Memo for faculty and instructional staff concerning the legal, privacy, safety and security impacts of our online learning model:
The global pandemic has forced us to radically transform the way we work and teach. Home, wherever that is in the world, has become our new classrooms. As we adjust to this new reality, there is a new risk for some of our students, who reside in countries where topics we study in our classrooms may be legally prohibited. The technologies we use to interact with our students may contain technical vulnerabilities that weaken our privacy protections or increase the likelihood of digital surveillance. Faculty and instructional staff cannot be expert on these prohibitions or technologies, and nor should we change what we teach to potentially avoid violation of a foreign law. Doing so would violate the University’s Statement on Freedom of Expression and Statement of Institutional Purpose However, we do have a duty to inform our students about the risks of international online learning so that they can make appropriate decisions about which courses they choose to take, and how they conduct themselves. Attached to this memo is a recommended inclusion for your course syllabus.
The Statement on Freedom of Expression (adopted by the Governing Council, May 28, 1992)1 holds that the “essential purpose of the University is to engage in the pursuit of truth, the advancement of learning and the dissemination of knowledge. To achieve this purpose, all members of the University must have as a prerequisite freedom of speech and expression, which means the right to examine, question, investigate, speculate, and comment on any issue without reference to prescribed doctrine, as well as the right to criticize the University and society at large.” The Statement further notes that “an institution where unorthodox ideas, alternative modes of thinking and living, and radical prescriptions for social ills can be debated contributes immensely to social and political change and the advancement of human rights both inside and outside the University.” The Statement on Freedom of Expression calls all members of the University community to uphold and protect these values in their work.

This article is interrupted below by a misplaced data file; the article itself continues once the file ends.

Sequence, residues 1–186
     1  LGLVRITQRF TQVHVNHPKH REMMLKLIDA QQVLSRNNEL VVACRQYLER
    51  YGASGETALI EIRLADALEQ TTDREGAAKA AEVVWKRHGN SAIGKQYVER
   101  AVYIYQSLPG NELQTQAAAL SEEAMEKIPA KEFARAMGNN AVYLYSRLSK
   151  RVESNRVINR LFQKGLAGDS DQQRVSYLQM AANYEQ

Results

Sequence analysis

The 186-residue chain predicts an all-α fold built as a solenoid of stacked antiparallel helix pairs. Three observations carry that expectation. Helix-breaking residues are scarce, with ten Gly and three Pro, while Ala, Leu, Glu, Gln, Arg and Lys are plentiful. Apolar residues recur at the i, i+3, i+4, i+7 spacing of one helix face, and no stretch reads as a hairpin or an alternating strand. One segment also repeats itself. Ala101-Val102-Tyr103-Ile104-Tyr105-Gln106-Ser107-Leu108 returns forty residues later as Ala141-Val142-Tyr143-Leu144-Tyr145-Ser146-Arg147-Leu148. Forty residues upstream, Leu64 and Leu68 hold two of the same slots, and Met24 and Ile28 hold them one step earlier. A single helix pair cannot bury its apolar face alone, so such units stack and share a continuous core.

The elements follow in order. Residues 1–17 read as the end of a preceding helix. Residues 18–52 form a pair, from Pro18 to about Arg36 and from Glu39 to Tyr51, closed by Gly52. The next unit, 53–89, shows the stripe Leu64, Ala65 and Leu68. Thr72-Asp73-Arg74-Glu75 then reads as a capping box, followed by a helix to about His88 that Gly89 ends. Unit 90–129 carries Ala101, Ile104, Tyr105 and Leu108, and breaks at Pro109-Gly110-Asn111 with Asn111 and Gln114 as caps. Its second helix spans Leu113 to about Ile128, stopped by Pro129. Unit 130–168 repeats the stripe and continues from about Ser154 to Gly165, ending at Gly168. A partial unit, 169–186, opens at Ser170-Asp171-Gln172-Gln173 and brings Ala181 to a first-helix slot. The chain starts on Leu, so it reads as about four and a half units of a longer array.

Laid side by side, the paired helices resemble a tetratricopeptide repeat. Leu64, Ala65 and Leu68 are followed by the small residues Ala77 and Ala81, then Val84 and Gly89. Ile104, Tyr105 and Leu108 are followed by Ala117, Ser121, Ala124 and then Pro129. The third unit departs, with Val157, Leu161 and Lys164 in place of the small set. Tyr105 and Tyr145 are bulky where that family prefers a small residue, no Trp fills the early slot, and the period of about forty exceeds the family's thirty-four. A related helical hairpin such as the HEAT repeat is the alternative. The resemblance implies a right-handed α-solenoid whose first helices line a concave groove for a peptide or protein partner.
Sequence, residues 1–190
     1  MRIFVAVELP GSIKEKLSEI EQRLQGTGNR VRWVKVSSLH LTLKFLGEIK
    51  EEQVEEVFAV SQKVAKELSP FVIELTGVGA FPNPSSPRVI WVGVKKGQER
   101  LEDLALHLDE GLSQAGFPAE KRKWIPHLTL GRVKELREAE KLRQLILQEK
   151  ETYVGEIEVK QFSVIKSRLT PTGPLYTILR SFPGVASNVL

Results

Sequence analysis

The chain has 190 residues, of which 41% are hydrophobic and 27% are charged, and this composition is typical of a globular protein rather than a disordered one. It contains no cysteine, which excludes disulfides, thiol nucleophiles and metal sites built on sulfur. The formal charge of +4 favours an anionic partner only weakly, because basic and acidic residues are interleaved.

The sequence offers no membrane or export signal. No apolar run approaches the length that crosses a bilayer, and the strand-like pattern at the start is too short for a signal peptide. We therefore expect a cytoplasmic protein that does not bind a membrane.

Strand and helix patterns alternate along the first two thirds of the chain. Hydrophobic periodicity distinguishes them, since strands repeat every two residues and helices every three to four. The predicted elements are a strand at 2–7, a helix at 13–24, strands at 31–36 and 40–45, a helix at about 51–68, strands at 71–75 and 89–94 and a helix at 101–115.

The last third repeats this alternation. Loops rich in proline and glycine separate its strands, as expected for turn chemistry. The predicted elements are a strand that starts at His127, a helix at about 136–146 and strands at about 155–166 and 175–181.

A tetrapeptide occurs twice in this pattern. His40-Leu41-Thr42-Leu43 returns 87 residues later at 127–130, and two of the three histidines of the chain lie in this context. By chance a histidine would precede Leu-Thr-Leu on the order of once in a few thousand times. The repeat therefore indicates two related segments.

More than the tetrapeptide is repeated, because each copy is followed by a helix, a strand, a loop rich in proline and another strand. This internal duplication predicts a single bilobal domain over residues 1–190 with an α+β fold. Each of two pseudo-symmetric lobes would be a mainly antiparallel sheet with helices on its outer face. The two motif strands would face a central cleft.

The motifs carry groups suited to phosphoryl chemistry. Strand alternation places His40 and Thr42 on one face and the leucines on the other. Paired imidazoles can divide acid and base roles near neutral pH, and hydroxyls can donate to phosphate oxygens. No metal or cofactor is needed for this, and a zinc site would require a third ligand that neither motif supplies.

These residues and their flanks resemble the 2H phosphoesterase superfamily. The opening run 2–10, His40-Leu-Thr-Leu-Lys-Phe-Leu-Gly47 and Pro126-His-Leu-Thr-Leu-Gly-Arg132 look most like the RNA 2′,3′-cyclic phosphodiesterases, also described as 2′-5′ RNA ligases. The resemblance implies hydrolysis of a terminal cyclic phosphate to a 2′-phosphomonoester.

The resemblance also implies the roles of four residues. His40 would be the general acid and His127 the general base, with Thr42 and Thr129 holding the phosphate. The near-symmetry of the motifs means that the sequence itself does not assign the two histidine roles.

The Statement of Institutional Purpose (adopted by the Governing Council, October 15, 1992)2, positions the University of Toronto as an institution “dedicated to fostering an academic community in which the learning and scholarship of every member may flourish, with vigilant protection for individual human rights, and a resolute commitment to the principles of equal opportunity, equity and justice.” These values remain just as important during a global public health emergency. The Statement of Institutional Purpose is a powerful reminder that faculty and instructional staff should not feel compelled to change or alter course content that may contain material that other nation-states deem illegal or controversial, or that such states may censor. A particular challenge concerns students accessing their courses from China. As many of you know, in order to provide access to UofT resources for students residing in mainland China, the University of Toronto has entered into an arrangement with Alibaba for a VPN (Virtual Private Network) service. However, Alibaba is a Chinese company, and all Chinese companies are required to operate in accordance with China’s Cyber Security Laws. This arrangement means that there is an additional inherent risk of surveillance for mainland China students using Alibaba’s VPN, or any network solution. To date, and this is of critical importance, Alibaba will have access to our students’ credentials for accessing University of Toronto resources. This poses an additional significant risk to our students and faculty engaging in coursework and research from China.
In addition to providing guidance to students so that they can adjust their course of study if need be, we also recommend all students increase their online security awareness. The following links are provided to share with students.